From AFP at SpaceWar: May 18, 2004
US 'tripwire' role in South Korea obsolete: Wolfowitz
WASHINGTON - The "tripwire" role long played by US troops along the demilitarized zone in South Korea is now obsolete, contributing to Washington's decision to redeploy some US troops there to Iraq, US Deputy Secretary of Defense Paul Wolfowitz said Tuesday. ...
From AFP at Yahoo: Sat, Jun 05, 2004
Rumsfeld warns of growing risk of North Korean proliferation
US Defense Secretary Donald Rumsfeld warned that protracted diplomatic negotiations were giving North Korea time to develop nuclear weapons, raising the risk they would fall into terrorist hands. ... "Needless to say time works to the advantage of North Korea," he said. "Assuming their behavior is to continue their programs, the longer it takes the more dangerous presumably their capabilities would become." ... "I would submit the likelihood of terrorist networks or terrorist states getting their hands on these increasingly powerful weapons and using them is growing every year. Which is why the counter-proliferation initiative is so important, countries simply must cooperate together because there is simply no way a single country can effectively deal with the problem of proliferation," he said. ...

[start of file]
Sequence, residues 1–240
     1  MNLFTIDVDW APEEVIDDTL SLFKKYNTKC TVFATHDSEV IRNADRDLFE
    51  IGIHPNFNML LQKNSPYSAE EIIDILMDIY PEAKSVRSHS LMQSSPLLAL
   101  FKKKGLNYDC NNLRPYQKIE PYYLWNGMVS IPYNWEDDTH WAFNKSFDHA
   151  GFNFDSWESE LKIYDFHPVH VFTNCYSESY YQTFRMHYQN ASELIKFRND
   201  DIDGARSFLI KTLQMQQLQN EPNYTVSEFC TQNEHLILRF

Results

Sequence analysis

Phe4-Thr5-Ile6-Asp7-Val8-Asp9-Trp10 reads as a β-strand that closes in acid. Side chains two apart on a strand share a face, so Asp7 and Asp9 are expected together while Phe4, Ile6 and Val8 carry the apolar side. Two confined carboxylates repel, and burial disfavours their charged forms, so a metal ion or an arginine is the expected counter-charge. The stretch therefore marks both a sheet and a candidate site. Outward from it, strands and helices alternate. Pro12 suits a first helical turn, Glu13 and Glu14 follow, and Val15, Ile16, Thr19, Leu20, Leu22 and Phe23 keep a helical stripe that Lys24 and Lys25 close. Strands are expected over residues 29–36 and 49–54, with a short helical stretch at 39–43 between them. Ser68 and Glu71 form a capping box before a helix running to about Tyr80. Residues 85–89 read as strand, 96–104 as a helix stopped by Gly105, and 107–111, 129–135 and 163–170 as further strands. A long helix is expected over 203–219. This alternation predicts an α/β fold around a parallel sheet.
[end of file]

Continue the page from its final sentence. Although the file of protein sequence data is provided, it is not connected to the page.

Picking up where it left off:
From Reuters: Mon Jun 7, 2004 12:05 PM ET
U.S. Plans to Cut Troops in S.Korea by a Third By Jack Kim and Rhee So-eui
SEOUL (Reuters) - The United States plans to cut its troops in South Korea by a third by the end of next year, as part of a worldwide shift to use higher technology in defense, the two countries said Monday. ...
From Reuters: Wed Jun 23, 2004 03:21 PM ET
U.S. Offers N.Korea Incentives to Scrap Nukes By Teruaki Ueno and Saul Hudson
BEIJING/WASHINGTON (Reuters) - The United States offered North Korea aid incentives on Wednesday to scrap its suspected nuclear weapons programs after key allies pressed for a way to break a deadlock in six-party negotiations. There was no formal response from North Korea, which appeared as entrenched as ever and urged the United States to soften its "hostile" stance. Completing a policy reversal, Washington presented a plan to allow other nations to supply energy aid and said it could consider giving North Korea assurances it would not be attacked, U.S. officials said. It also offered Pyongyang three months to start dismantling its programs, they added. In return, the communist state must provide a full listing of its nuclear activities, disable some dangerous materials and allow monitoring, senior officials said in outlining the proposal made at the start of six-party talks in Beijing. ...
From Reuters: Thu Jun 24, 2004 09:13 PM ET
N. Korea Threatens to Test Nuclear Device -- U.S. By Arshad Mohammed
WASHINGTON (Reuters) - North Korea has threatened to test a nuclear device if the United States does not accept its proposal to freeze its nuclear programs in exchange for compensation, Bush administration officials said on Thursday. ...